Op-Ed

Tort reformers want cruel cure for fictional ill

At issue | Various commentaries calling for tort reform

By Robert L. Abell

The claim advanced by tort-reform advocates that "defensive medicine" practiced by significant numbers of doctors solely for the purpose of avoiding a groundless medical malpractice lawsuit drives up unnecessarily health care costs is (and has to be) a total myth.

If it is true, then it must also be true that a significant number of health-care providers in Kentucky and elsewhere are routinely, as a matter of everyday standard procedure, doing the following:

■ Violating the standard of care that governs their treatment of patients,

■ Defrauding health insurance companies and

■ Engaging in criminal activity by violating federal mail and wire fraud statutes.

Because none of these can be presumed true to any degree, it must be concluded that the claims of tort reform proponents of "defensive medicine" are simply unfounded myth.

Kentucky law requires only that a doctor treat patients consistent with the "standard of care" — the care required of a reasonably competent practitioner in acting in the same or similar circumstances. Medical malpractice occurs where a deviation from the applicable standard of care causes harm.

"Informed consent" is an element of the standard of care. This requires a doctor to explain to the patient the potential risks and benefits of a course of treatment or testing. The decision about treatment is the patient's and Kentucky law simply requires a doctor to tell his or her patient enough about a course of treatment or tests that a reasonable person can make an informed decision.

It is patently unbelievable, if not wholly fictional, that Kentucky doctors (or doctors anywhere) are routinely recommending to their patients treatments and tests that the doctor believes unnecessary or without benefit. It is incredible on its face that doctors would do so solely to avoid a medical malpractice lawsuit.

Remember, medical malpractice occurs only where harm is caused by a deviation from the standard of care.

A decision not to go forward with a test or procedure not required by the standard of care cannot, by definition, be a deviation from the standard of care and cannot be medical malpractice.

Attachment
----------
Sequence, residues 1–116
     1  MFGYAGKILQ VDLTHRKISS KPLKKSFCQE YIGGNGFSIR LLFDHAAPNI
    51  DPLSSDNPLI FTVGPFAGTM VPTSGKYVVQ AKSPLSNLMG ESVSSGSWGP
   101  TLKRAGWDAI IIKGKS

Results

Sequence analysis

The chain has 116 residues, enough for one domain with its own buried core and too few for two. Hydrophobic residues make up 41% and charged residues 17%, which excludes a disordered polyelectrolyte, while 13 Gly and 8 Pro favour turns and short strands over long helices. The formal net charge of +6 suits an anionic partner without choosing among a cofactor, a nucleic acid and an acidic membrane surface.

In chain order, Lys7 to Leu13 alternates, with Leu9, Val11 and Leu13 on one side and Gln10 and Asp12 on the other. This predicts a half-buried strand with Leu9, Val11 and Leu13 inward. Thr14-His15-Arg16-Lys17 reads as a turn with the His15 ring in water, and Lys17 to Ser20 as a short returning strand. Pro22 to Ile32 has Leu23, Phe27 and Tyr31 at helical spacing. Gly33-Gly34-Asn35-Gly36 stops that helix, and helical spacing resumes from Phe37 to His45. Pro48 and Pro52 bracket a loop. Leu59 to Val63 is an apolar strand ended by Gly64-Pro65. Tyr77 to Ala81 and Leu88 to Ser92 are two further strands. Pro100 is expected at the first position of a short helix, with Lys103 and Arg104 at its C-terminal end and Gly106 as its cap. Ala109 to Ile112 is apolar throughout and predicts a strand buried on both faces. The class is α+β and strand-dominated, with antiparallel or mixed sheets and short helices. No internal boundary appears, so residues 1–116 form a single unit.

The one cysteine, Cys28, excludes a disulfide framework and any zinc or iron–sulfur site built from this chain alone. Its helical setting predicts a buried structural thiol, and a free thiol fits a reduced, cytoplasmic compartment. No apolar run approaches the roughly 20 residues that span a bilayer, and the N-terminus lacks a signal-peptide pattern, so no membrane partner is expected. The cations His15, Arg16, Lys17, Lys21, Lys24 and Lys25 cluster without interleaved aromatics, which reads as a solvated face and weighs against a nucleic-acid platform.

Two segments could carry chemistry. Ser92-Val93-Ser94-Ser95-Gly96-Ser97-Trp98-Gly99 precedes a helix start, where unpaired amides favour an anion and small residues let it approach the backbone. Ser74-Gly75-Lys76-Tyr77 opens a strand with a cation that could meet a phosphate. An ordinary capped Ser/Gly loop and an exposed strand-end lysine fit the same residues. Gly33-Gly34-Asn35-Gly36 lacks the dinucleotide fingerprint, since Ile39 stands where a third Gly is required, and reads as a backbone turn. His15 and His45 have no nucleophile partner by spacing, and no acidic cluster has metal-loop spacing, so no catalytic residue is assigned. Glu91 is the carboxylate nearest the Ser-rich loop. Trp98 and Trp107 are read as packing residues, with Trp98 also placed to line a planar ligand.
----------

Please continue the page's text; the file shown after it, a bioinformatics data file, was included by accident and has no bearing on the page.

The claim of defensive medicine is also an admission of widespread insurance fraud. Every health insurance policy has language in it to the effect that the insurance company is bound to pay only those expenses reasonably necessary for the care and treatment of the insured patient.

An unnecessary test administered as a measure of "defensive medicine" to avoid what would be a totally groundless medical malpractice lawsuit cannot be, by definition, reasonably necessary for the care and treatment of the patient.

Defensive medicine and the insurance fraud that it admits is also a violation of federal mail and wire fraud statutes.

If a doctor has falsely certified that an unnecessary test was reasonably necessary fand that certification is put in the mail in order to get paid for the test, it violates the mail fraud statute. If it is transmitted over the Internet or by e-mail, it is wire fraud.

Tort-reform advocates cannot and will never able to back up their claims of defensive medicine with any real evidence.

Any survey of doctors reporting the alleged incidence of defensive medicine is suspect and unreliable; they are responses believed to advance a particular political position, not a true representation of actual medical practice.

Tort reform advocates' proposed "cure" of for the evil of defensive medicine — the reduction of damages recoverable by persons and families most grievously harmed and injured by proven instances of medical malpractice — is both illogical and immoral.

It is proposed that we unburden hospitals, doctors and other health care providers from the commission and perils of deviating from the standard of care, insurance fraud and mail and wire fraud by reducing the rights of victims of medical malpractice.

While advancing this proposal is a chilling demonstration of power politics, it is also a demonstration of how unfounded and ultimately empty are the defensive medicine claims of tort reform advocates.

Robert L. Abell is a Lexington lawyer who handles personal injury, accident, insurance claims, employment law and workers' compensation cases. He is author of the Bluegrass Law Blog on Kentucky.com.

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